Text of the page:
Microsoft announces its latest quarterly earnings Jan. 23, and investors widely expect that the company will post stronger year-over-year revenues.
For a real picture of Microsoft’s health, though, most will focus on different metrics: how many Surface 2 and Xbox One units the company managed to sell in the past ten weeks.
Microsoft watchers (and those who pay attention to video-game news) already know that the Xbox One sold roughly 3 million units through the end of 2013, which places the next-generation game console in roughly the same ballpark as its latest rival, Sony’s PlayStation 4. Microsoft’s quarterly results will likely re-emphasize that number.
But Microsoft has offered precious little guidance about the Surface 2, the next generation of the Windows 8 tablets it builds in-house. If the Surface 2 fails as badly as the original Surface (which bombed so hard, it forced Microsoft to take a $900 million write-down on existing units), it could seriously damage—if not outright destroy—the company’s attempt to remold itself as more of a “devices and services” firm.
Outgoing Microsoft CEO Steve Ballmer set the company on that “devices and services” path back in October 2012, when he suggested in a widely circulated memo that, rather than rely entirely on OEMs to build the hardware for its software, Microsoft would occasionally manufacture its own machines. “There will be times when we build specific devices for specific purposes, as we have chosen to do with Xbox and the recently announced Microsoft Surface,” is how he explained it. “In all our work with partners and on our own devices, we will focus relentlessly on delivering delightful, seamless experiences across hardware, software and services.”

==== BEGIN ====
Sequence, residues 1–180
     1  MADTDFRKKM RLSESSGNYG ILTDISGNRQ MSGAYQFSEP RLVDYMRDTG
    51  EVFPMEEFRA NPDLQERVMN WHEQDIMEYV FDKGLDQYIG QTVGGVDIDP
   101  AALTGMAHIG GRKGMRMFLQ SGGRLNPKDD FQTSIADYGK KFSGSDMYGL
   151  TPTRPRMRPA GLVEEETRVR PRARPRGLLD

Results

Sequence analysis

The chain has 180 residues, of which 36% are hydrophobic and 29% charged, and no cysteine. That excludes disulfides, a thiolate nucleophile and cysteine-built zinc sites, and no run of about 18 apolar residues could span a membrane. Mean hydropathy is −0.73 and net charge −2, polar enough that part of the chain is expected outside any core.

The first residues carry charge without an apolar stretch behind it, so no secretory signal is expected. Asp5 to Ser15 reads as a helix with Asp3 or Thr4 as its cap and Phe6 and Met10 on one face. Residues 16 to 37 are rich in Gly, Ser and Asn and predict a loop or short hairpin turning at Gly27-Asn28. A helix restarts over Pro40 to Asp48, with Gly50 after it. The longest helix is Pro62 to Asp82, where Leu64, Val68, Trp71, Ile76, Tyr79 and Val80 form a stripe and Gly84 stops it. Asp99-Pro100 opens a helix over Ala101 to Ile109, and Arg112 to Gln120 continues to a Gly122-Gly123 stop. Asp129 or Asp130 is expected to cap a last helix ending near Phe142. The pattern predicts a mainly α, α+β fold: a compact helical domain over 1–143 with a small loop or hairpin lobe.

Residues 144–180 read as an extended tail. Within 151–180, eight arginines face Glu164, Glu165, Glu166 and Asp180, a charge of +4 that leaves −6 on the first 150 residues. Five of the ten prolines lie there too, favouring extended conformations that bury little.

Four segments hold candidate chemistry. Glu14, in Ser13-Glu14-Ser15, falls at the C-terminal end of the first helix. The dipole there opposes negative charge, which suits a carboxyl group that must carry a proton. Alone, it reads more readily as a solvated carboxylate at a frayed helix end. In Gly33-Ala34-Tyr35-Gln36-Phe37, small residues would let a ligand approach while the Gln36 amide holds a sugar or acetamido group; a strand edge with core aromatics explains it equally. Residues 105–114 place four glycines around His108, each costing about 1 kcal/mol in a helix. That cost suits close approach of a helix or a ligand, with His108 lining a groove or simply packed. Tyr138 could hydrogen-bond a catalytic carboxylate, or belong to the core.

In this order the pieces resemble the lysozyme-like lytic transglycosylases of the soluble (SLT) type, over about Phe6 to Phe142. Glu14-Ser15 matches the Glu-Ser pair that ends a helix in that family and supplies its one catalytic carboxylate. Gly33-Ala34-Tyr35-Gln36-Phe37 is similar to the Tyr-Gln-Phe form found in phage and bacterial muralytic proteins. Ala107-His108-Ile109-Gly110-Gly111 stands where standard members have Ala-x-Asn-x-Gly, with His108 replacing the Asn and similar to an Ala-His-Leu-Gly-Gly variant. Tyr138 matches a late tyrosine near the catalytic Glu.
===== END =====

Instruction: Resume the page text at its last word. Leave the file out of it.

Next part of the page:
That was more than enough to irritate Hewlett-Packard, Acer, and other manufacturers, which all began to complain that Microsoft was an idiot, a competitor, or some combination of both. But from Ballmer’s perspective, the move made sense: Apple (with the iPad, iPod, iPhone and Mac) and even Google (with its Nexus portfolio) had thrived by bringing much of their hardware and software back in-house, where executives could rigorously oversee part of the manufacturing process for quality.
Microsoft’s first in-house device, Surface, met with decidedly mixed reviews, and it failed to sell despite an elaborate ad campaign. Over on The New York Times’ Bits Blog, Nick Bilton blamed that tepid response on the tablet’s attempt to be all things to all potential users. “Today’s consumers don’t want options,” he wrote. “They are impatient. They want to tear their new shiny gadget from the box and immediately start using it.”
The failure could have also stemmed from the negative reactions to Windows 8, which tried to mush together the traditional Windows desktop and a touch-friendly interface designed for tablets; consumers and businesses found that configuration unwieldy, and complained so loudly that Microsoft included the option in Windows 8.1 of booting directly to the “regular” desktop.
By many accounts, Surface 2 features some improvements. If it sold in middling numbers last quarter, Microsoft will likely do its best to bury the result in some larger line-item in its financial disclosures. But if it’s a disaster—or a wild success—we’ll likely hear about it sooner rather than later; in case of disaster, Microsoft’s next CEO could be forced into a long, hard think about the company’s tablet strategy.